I had never eaten chives until I came to Canada, ordered a baked potato at Wendy’s™, and was confronted with the “want sour cream and chives?” question. A few years later, I realized that they were very easy to grow, thanks to the potted chives that one of my daughters crafted at school for Mother’s Day when she was in Kindergarten (a little tear here – thank you Mrs. R.!) Admitting to be way behind the curve, I learned that their pale purple flowers are edible just a couple of years ago, when I grew my first crop, and started sprinkling them not only over baked potatoes, but also omelettes, quiches and salads. I recently asked a few friends and relatives in Mexico if they knew this vegetable, and also did a Google search, and it turns out that nowadays chives (Allium schoenoprasum) are indeed known and used in Mexico, grown in pots, even as ornamentals, and are called “cebollines.”
However, cebollines, the plural form of cebollín, is a generic word, meaning “tiny onions”, and I found it is also used for other vegetables in the onion (Allium) family that have green leaves and look similar to chives. For example, garlic chives (Allium tuberosum), also called Chinese chives, which have flat leaves, and a mild garlic flavour:
Green onions, which are just immature bulbing onions (Allium cepa) are sometimes called cebollines, or more commonly cebollitas de rabo or “de Cambray” (tailed little onions):
Cebollines could also be scallions (Allium fistulosum), the true no-bulb onion, cultivated mostly for its green leaves, a staple in Japanese cuisine:
The biggest surprise was to learn that there are some varieties of cebollines native to Mexico, belonging to Allium glandulosum, practically growing all over the country, as well as some varieties that are similar to Chinese chives, found wild and in cultivated forms in the Yucatán (Maya) peninsula. Moreover, in The history of Mexico: Collected from Spanish and Mexican Historians, Volume 1, it is stated that:
“Onions were sold in the markets of Mexico, as Cortez mentions in his letters to Charles V, so that there was no necessity for importing them from Europe … the name Xonacatl, which is given to the onion, let[s] us understand that this plant was very ancient in this country, and never transplanted there from Europe.”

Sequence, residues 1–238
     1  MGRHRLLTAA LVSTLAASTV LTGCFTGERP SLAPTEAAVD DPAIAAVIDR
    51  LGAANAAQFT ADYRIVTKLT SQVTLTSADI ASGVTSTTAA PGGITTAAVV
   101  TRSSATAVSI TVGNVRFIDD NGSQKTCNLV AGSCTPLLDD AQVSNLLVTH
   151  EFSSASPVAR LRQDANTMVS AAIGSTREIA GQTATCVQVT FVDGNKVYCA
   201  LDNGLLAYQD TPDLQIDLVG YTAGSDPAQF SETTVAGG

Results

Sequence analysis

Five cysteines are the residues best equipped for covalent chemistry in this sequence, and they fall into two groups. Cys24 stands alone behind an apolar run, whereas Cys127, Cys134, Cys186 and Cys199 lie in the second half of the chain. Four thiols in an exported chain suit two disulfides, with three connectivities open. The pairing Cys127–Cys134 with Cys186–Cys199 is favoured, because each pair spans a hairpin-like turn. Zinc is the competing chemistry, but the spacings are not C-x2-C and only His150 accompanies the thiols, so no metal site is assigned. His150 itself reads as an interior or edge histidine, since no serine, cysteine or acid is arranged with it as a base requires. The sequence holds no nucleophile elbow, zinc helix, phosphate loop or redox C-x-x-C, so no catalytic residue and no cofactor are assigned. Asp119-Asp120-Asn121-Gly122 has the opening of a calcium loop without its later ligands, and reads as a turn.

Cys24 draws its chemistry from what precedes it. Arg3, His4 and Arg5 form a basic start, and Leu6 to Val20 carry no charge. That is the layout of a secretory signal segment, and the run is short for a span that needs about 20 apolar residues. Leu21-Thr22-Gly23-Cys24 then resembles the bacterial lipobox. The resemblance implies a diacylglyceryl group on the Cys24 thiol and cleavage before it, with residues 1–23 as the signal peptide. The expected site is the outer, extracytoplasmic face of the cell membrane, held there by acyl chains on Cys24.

Similar ancient references to onions place the Allium family in Asia, ancient Egypt and other African regions, Greece, and the Middle East. Many botanists believe that different species of Allium developed independently all around the world, considering their distinct characteristics, and the fact that they can be found in the wild, making it a true cosmopolitan vegetable.
I always thought onions arrived in the Americas from the Old World with the Spaniards, but since they were sold in Mexican (Aztec) ancient markets, and have a Nahuatl name, it is probably fair to assume that many recipes for salsa, guacamole, and stews from pre-Hispanic times had Xonacatl (onions) on their ingredient lists. No wonder cebollines and onions taste so good in Mexican dishes! I use chives chopped, mostly raw, since they lose their flavour when cooked for long; I have sprinkled them over nachos, and mixed in a pico de gallo salsa in addition to the white onions. Chinese chives are the closest to Mexican varieties, so I would add them to Mexican stews or cooked salsas, such as my green cooked sauce. Scallions and green onions become a classic Mexican side dish for a good piece of steak when cooked on the grill until well charred, served with tortillas, halved limes and salt. In the photo below, chunks of sirloin steak, green pepper and white onion on a skewer, known as “alambre” (“wire”) are cooked with a bunch of scallions: